New AAC Device Offers More Options for Consumers with Progressive Conditions

A major question when selecting assistive technology devices for someone with a progressive condition is what will happen as that person’s functional abilities begin to change.

Man looks at GridPad Trilogy screen

Learning a new communications device can be difficult for the consumer, while repeatedly going through the funding process can be time consuming and frustrating for the entire assistive technology team.

Control Bionics’ new GridPad Trilogy was designed with versatility in mind. Its potential target audience includes people with ALS, cerebral palsy, spinal cord injury, and spinal muscular atrophy.

In a Sept. 1 news announcement, Control Bionics said the GridPad Trilogy offers touch control, eye control, and NeuroNode 3.0 wireless wearable controls, all in a single system, calling it a “unique three-in-one AAC [augmentative and alternative communication] device that progresses and grows with clients and their abilities. It allows for faster communication, at rates up to 133 percent that of other systems. And because it offers multiple access methods within the same system, the traditional insurance barriers (limits on access methods and features) are alleviated, making it accessible to those who need it most.”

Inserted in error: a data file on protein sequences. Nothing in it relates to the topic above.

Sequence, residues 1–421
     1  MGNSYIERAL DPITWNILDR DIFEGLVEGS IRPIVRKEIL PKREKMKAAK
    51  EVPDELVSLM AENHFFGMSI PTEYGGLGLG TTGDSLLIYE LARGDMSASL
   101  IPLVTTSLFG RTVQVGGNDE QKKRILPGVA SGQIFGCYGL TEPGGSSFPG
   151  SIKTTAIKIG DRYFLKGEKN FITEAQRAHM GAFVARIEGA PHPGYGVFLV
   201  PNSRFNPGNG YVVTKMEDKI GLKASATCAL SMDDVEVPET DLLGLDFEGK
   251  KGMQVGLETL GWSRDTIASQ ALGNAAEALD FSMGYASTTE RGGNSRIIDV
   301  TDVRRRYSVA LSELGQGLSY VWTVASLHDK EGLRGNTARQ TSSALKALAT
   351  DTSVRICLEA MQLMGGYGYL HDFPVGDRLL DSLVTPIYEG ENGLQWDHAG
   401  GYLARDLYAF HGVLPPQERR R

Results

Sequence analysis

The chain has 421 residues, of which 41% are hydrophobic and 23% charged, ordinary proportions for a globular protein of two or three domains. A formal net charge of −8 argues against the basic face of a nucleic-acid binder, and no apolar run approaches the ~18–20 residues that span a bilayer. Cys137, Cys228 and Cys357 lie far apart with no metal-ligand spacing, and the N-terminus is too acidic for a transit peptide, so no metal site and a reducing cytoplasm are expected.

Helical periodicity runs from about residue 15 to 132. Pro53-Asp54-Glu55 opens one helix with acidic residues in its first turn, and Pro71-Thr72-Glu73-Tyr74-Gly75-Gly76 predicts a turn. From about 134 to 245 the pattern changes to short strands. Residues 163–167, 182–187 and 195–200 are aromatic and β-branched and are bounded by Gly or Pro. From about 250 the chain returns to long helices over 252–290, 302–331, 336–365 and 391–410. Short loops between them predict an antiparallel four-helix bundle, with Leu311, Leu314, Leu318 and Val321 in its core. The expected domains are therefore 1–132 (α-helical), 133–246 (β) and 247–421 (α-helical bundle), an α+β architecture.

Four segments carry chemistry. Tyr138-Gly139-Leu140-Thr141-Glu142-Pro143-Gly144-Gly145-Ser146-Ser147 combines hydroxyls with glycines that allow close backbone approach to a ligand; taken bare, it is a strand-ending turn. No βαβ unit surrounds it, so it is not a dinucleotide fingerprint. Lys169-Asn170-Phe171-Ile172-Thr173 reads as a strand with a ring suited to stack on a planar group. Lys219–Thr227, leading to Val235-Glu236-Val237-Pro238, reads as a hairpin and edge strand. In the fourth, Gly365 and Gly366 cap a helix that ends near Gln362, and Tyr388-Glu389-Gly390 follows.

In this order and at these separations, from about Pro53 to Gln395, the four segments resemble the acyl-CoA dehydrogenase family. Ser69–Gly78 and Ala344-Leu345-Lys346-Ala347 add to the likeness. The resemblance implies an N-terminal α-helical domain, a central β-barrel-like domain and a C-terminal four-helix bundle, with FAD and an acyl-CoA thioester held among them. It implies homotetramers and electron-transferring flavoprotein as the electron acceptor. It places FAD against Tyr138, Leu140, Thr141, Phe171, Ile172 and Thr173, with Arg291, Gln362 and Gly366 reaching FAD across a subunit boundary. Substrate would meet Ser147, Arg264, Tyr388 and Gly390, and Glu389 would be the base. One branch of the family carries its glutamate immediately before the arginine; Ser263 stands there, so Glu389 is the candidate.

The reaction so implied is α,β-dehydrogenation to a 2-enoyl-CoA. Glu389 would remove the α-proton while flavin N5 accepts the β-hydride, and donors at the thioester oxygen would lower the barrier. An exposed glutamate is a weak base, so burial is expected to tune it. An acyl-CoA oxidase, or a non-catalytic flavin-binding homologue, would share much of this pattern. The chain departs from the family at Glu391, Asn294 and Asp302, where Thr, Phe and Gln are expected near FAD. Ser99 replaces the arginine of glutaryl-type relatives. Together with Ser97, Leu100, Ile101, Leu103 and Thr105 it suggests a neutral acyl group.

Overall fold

Rob Wong, Control Bionics’ CEO, said, “Our mission is to develop accessible, leading-edge AAC devices that can help those living with paralysis and loss of speech gain more control over their world. Our latest solution, the GridPad Trilogy, is the result of strategic partnerships with some of the best minds in the industry, resulting in a technology that provides unparalleled benefits for our clients.”


About the Author

Laurie Watanabe is the editor of Mobility Management. She can be reached at

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